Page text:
Is it dead silent, or is your plastic surgeon’s operating room filled with the rhyming raps of Ice Cube, the mellow tones of James Taylor or some time-tested tunes from the 50s and 60s? Who knows, your surgeon may secretly be a “Dead Head.”
Music in the OR
There have been a few studies conducted about the benefits (and possible distractions) with music in the operating room during surgery. Some believe music helps on several fronts, ranging from helping the surgical team concentrate and masking the industrial ‘white noise’ of the operating room equipment.
Alan Reznik, MD, a fellow with the American Academy of Orthopaedic Surgeons, likes music, especially in lengthy surgeries. Teams need to fill in the time one way or another, and music may be a less disruptive way, he says. “It’s probably better to be passively listening to music than to actively be talking,” Dr Reznik says.
Another aspect is that music helps with collegiality, he said, and helps cut the tension associated with the gravity of potential mistakes.
“If you ever hit a big bleeder and blood is flying all over the place, you can’t be panicked… Music brings you to a calm state of mind,” he says. Maybe, then, music could be more benefit than threat, he adds.
Personally, he prefers music in the operating room — everything from opera to Taylor Swift — and he said his staff often chooses the tunes.
The art of Plastic Surgery combines with the art of …
Brian Brzowski, MD, a board certified plastic surgeon in Salt Lake City, admits he’s a big fan, “of all different types of music. So we listen to a big selection.”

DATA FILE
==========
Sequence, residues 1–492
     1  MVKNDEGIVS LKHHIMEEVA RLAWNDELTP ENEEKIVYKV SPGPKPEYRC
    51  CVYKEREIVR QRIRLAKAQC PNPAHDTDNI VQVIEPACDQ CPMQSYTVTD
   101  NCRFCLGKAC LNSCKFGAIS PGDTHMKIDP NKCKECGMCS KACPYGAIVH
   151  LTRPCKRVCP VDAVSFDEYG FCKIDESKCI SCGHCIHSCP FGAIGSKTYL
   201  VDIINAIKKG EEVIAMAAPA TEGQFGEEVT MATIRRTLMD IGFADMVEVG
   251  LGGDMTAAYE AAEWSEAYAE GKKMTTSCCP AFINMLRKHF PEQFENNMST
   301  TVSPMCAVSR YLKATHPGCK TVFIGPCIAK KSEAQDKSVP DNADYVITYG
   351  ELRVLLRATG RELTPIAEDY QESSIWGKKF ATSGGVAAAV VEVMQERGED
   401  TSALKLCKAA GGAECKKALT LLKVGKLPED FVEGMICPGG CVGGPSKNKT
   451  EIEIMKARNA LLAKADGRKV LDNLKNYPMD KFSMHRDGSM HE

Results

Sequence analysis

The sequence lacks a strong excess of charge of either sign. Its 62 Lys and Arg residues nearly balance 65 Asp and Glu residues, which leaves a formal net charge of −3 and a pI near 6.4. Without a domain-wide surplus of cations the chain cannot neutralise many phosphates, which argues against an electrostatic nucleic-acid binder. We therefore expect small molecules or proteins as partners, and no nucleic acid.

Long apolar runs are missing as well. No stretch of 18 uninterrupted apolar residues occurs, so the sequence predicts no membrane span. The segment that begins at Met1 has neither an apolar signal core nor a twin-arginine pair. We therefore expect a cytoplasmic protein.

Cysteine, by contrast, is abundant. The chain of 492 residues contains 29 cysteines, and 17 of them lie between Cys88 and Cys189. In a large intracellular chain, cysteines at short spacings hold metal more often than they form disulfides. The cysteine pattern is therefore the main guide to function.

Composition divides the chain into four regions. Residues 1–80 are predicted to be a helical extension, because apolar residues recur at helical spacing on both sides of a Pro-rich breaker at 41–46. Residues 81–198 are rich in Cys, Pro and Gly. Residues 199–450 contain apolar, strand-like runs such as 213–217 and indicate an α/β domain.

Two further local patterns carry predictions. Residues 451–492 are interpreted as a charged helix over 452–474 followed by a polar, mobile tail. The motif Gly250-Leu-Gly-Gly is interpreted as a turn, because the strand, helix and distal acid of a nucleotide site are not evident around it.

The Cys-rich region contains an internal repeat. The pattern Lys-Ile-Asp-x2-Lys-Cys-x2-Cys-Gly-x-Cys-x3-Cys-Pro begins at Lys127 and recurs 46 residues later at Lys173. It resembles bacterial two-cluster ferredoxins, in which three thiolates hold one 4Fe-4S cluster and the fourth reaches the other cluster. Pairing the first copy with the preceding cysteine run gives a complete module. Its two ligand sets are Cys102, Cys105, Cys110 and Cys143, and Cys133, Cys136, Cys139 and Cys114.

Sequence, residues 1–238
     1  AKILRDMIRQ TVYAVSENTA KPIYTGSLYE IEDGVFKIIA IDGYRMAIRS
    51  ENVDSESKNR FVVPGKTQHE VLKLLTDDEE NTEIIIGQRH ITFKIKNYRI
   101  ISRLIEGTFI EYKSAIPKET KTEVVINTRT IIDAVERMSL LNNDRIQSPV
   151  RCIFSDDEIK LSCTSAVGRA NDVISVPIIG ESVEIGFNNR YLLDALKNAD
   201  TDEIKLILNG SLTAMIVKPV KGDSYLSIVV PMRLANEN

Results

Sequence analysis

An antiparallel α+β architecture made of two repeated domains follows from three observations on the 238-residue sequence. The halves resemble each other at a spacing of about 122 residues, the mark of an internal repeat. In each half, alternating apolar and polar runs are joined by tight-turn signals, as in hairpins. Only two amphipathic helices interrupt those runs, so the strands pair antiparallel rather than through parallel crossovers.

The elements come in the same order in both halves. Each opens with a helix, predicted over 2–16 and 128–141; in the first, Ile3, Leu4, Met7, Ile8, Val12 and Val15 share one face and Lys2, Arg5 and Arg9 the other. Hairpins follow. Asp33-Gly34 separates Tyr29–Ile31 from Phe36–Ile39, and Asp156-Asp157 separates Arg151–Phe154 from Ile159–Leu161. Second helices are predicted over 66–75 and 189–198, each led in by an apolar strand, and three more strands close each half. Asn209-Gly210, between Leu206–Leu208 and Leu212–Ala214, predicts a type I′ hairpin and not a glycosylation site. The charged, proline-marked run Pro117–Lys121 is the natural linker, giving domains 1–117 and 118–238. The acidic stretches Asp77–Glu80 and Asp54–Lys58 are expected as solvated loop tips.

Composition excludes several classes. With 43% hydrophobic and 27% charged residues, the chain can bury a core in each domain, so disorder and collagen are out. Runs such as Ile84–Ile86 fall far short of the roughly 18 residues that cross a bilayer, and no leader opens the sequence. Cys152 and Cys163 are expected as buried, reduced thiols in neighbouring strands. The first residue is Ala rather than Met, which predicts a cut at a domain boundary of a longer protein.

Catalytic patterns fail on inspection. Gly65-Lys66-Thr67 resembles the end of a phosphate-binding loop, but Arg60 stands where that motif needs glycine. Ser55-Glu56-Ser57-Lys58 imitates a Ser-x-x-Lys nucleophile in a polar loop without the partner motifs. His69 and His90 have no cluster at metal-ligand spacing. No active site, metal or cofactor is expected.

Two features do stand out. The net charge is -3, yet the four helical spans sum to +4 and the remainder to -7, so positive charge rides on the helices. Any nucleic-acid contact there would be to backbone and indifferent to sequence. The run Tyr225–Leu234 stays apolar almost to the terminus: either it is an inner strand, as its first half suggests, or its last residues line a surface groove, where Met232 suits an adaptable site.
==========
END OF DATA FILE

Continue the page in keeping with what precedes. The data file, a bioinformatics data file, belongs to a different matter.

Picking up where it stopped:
But the DAY of the week is also important for his playlist. “Friday’s are a big surgical day for me and I love to operate on Fridays,” Dr. Brzowski tells The Plastic Surgery Channel. “So we usually are listening to anything upbeat. I have a funky Friday playlist that I like to listen to – that includes Kool and the Gang and Sister Sledge, those are the kind of artists that we listen to on that playlist.”
“And as soon as I start suturing the last patient, I have a closing playlist that is composed of about 15 songs that we listen to,” Brzowski continues. “And we have to hear them all before the end of the case. Otherwise, we have thrown dirt in the eyes of the God of Surgery – Hua. So you never disturb The Hua. So, in fact, if we’ve ever not managed to start the closing playlist on time, we have to stay in the OR at least for a few of the songs otherwise we have ruined our chances for a pleasant weekend,” he adds with a slight smirk.
From Kool and the Gang “Celebration” to Neil Young’s “Horse with No Name”
Brooke Seckel, MD, a board certified plastic surgeon out of Boston, said he actually had a close encounter with one of his favorite operating room musicians. “I love Neil Young,” Dr. Seckel tells The Plastic Surgery Channel. “His daughter actually went to school with my daughter, and I got a chance to see him at graduation. And I went up to him and told him I’ve done more facelifts while Harvest Moon was playing in the OR than you can image.”
Tiffany McCormack, MD, a board certified plastic surgeon in Reno, likes it all. “Hip hop. 80s. Top 40. Country. Rock. Early 90s,” she says. “There’s only one thing bad we don’t listen to: jazz.”
How About Silence?
Not every surgeon or surgical team likes music in the office while they are working. Take board certified plastic surgeon Paul Watterson, MD, for example. He’s not completely opposed to music in the OR, but ….
“It has to be the right music,” Dr. Watterson says. “There have been studies that have shown you can be more efficient if there’s music. It is a wonderful thing. But, it can get annoying. And it can be obtrusive. So it’s the right kind of music that lends itself to certain types of procedures. So if I’m in a very intense part of a procedure, I’ll turn the music off. And suddenly that lets everybody know it’s time to be quiet.”
“I like to have my music loud and the operating room cold.”
That sums up how James Namnoum, MD, a board certified plastic surgeon in Atlanta, enjoys his days in surgery. “That way, I’m happy and I can do my work.”